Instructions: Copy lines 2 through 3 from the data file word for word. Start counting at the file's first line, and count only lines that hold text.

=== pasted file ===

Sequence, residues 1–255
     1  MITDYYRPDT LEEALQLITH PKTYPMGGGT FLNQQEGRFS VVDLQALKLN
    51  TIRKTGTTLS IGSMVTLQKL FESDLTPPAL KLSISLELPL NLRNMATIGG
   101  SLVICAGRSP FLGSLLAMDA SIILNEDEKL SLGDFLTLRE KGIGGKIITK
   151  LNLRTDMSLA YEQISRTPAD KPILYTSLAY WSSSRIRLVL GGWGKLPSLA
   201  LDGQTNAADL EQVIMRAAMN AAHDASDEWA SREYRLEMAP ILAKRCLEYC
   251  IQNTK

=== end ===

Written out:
     1  MITDYYRPDT LEEALQLITH PKTYPMGGGT FLNQQEGRFS VVDLQALKLN
    51  TIRKTGTTLS IGSMVTLQKL FESDLTPPAL KLSISLELPL NLRNMATIGG